Judges 11

Judges 11 has the leadership of Israel taking a new twist.  “Jephthah the Gileadite was a mighty warrior, but he was the son of a prostitute”.  He is the man the leaders want to help them deal with the enemy.  But years earlier, his half-brothers “drove Jephthah out and said….You shall not have an inheritance in our father’s house”.  They drove him out of town and he headed to another land to live.  Now, the leaders have asked him to return and lead the army into battle.

They said to Jephthah, “Come and be our leader that we may fight with the Ammonites”.  He wasn’t good enough to remain as part of the family and receive any inheritance, but now in the hour of need, the elders want him back.  Isn’t that how we do things so often?  It is all about what we need at the moment.  Jephthah is a bit bitter about what happened years ago, and doesn’t just rush back.  But he bargains with the elders as he sees this as a chance to restore things the way they should be.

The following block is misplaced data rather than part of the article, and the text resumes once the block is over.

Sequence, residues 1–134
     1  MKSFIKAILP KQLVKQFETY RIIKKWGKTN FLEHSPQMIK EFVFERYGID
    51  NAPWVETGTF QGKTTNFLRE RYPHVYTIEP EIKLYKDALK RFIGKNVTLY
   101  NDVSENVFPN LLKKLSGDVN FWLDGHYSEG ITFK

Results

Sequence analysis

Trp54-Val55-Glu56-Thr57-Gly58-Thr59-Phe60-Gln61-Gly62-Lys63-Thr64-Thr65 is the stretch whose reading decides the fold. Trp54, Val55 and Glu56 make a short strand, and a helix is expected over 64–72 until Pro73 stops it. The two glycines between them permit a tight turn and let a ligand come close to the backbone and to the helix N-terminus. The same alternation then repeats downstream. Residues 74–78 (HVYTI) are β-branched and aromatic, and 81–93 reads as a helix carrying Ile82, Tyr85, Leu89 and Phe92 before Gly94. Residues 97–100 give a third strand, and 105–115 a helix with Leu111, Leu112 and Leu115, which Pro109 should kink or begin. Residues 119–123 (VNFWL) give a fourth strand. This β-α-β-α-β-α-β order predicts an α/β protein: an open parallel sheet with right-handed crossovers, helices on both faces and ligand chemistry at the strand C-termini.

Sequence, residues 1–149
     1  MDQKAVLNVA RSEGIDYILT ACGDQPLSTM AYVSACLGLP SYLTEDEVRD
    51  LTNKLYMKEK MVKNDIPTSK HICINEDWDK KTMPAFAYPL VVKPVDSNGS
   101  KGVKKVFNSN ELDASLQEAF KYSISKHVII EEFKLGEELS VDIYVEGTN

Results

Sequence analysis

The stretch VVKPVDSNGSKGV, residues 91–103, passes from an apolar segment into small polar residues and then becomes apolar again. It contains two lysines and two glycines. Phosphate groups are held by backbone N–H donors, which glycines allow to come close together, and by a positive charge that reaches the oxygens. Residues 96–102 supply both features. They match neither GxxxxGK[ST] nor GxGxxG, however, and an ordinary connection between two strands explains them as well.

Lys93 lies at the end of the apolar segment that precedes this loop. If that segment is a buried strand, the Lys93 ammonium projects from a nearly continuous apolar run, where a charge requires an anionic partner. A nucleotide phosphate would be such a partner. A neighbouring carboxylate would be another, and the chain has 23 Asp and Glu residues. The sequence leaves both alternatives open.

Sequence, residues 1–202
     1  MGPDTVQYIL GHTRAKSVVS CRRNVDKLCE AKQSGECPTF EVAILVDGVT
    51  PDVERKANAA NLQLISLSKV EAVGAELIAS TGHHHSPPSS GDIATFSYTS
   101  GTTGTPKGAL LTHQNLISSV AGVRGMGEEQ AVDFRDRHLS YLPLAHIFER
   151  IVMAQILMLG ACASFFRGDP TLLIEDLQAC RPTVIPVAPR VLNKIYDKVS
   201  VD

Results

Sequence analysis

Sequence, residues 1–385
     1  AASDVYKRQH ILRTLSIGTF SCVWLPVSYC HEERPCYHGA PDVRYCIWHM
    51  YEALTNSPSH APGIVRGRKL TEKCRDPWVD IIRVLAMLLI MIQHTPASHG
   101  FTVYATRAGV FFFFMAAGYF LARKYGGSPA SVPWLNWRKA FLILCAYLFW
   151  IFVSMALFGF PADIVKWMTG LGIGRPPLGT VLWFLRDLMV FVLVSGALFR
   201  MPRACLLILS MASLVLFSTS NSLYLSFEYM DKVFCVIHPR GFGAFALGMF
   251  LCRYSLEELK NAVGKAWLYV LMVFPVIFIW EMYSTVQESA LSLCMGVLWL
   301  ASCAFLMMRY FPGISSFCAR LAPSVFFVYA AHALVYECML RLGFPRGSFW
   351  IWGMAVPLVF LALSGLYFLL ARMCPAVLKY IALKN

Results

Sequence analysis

If you bring me home again to fight with the Ammonites, and the Lord gives them over to me, I will be your head”.  Basically he’s willing if the outcome will be that he becomes leader over all.  Not only will he be able to return, but he’ll be over his half-brothers who drove him away earlier as well.  They agree and immediately “Jephthah sent messengers to the king of the Ammonites” in an attempt to negotiate a peaceful settlement.  But they want no part of it and there is going to be a battle.

Jephthah goes to the Lord and “made a vow to the Lord and said, “If you will give the Ammonites into my hand, then whatever comes out from the doors of my house to meet me when I return in peace from the Ammonites shall be the Lord’s, and I will offer it up for a burnt offering”.  If God allows him the victory, he’ll sacrifice the first person who comes out to meet him.  He didn’t think it through well, as God gave him the victory and the person who came out was his only daughter.  He did follow through with his vow, and it was a painful experience.  We must be careful what we vow to God.

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